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Obesity Leading to Preventable, Premature Death

Obesity prevalence is the primary cause of metabolic issues that lead to preventable and premature death. The rate of obesity has increased since 2017 from 30.5% to 41.9%. Additionally, the rates of severe obesity have almost doubled from 4.7% to 9.2%, with an annual medical cost of approximately 173 billion US dollars. While caloric restriction and increased caloric output are highly effective in reducing weight, research into the pharmaceutical management of overweight individuals is gaining significant traction.

Currently, there are 6 therapeutics with an FDA indication for weight loss and management. Their mechanisms of action range from working as a stimulant to being a glucagon-like peptide-1 (GLP-1) receptor agonist in order to suppress appetite and reduce caloric intake. However, new mechanisms are needed to manage weight and are under investigation. Researchers from McMaster University in Canada have uncovered a novel mechanism by increasing energy expenditure in skeletal muscle during caloric restriction, eliciting more significant weight loss than caloric restriction alone.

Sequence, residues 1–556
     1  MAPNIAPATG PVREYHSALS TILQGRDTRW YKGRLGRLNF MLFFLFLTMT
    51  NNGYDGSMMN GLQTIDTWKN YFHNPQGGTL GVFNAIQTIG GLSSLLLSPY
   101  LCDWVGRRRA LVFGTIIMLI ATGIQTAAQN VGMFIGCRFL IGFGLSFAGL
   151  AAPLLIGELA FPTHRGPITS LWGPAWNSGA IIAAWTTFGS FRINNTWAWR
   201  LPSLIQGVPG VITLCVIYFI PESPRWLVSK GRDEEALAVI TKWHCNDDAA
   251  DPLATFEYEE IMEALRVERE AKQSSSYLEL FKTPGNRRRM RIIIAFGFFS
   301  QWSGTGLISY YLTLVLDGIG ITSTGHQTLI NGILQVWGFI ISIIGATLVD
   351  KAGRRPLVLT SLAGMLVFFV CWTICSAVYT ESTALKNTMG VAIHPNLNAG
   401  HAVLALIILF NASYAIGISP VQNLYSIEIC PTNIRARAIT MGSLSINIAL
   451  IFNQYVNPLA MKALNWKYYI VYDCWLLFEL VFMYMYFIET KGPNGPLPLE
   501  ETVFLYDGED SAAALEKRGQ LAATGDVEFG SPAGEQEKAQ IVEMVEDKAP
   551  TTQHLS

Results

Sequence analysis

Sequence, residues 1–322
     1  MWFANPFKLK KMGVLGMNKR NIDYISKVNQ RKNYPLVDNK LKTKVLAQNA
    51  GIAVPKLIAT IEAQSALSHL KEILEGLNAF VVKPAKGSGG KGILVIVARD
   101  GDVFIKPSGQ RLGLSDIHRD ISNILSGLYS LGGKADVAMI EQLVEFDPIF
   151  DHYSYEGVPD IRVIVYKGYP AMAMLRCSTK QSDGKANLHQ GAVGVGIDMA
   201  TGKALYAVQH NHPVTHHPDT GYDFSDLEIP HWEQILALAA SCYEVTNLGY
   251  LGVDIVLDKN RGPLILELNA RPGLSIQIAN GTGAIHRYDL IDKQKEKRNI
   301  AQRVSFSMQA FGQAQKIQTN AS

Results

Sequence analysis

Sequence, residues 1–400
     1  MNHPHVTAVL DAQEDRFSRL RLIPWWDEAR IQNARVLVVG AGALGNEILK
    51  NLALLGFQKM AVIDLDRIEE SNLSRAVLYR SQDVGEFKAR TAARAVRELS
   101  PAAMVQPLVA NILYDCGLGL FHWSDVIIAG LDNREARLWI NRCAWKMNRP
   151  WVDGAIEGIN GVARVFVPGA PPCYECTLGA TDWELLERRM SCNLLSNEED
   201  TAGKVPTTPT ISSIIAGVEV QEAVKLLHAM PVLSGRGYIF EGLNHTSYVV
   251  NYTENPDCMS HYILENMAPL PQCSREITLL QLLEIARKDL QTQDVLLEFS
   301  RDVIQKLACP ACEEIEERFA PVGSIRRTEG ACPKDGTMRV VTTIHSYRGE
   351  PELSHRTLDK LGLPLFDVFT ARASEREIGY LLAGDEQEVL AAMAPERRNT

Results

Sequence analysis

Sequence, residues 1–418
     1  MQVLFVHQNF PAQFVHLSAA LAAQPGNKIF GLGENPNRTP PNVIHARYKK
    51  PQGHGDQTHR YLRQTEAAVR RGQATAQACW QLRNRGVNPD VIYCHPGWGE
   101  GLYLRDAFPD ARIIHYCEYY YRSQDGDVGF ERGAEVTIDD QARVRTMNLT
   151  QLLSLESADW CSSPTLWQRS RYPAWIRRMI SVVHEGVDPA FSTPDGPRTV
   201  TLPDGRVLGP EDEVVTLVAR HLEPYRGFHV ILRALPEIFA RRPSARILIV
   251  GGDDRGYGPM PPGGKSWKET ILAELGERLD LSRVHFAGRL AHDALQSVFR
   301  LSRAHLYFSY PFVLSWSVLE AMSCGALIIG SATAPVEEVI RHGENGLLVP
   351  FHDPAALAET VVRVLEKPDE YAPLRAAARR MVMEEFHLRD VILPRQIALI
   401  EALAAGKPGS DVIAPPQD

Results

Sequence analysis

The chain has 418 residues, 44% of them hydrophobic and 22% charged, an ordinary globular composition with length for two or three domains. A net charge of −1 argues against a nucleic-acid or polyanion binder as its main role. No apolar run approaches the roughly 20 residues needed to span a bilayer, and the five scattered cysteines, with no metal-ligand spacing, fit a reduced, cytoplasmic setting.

Caloric restriction has been shown to successfully treat non-alcoholic fatty liver disease as well as boost insulin sensitivity in type 2 diabetes; however, maintaining weight loss is often challenging due to adaptive thermogenesis. Researchers have revealed that treatment with recombinant growth differentiating factor 15 (GDF15) reduces obesity and improves glucose control by suppressing food intake via glial-cell-derived neurotrophic factor family receptor α-like (GFRAL). Additionally, GDF15 helps counter reductions in energy expenditure, leading to greater weight loss. This process involves GFRAL–β-adrenergic signaling that enhances muscle fatty acid breakdown. Targeting this pathway could maintain energy expenditure during caloric restriction and help revolutionize pharmaceutical weight management.


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Canan Schuman, PharmD/PhD
Author: Canan Schuman, PharmD/PhD

Canan Schumann is Chief Editor for Axxiem and for Axxiem's blog "BiotechOntheWeb". When not writing for Axxiem, Canan works as a Clinical Research Scientist II at the Research and Development Department at Molecular Testing Labs, developing endpoint assays for the detection of infectious disease and cancer. Canan currently resides in Portland, Oregon, where he received his Honors Bachelor of Science (HBS), Doctor of Pharmacy (PharmD.), and his Doctor of Philosophy (Ph.D.) in Biopharmaceutics at Oregon State University.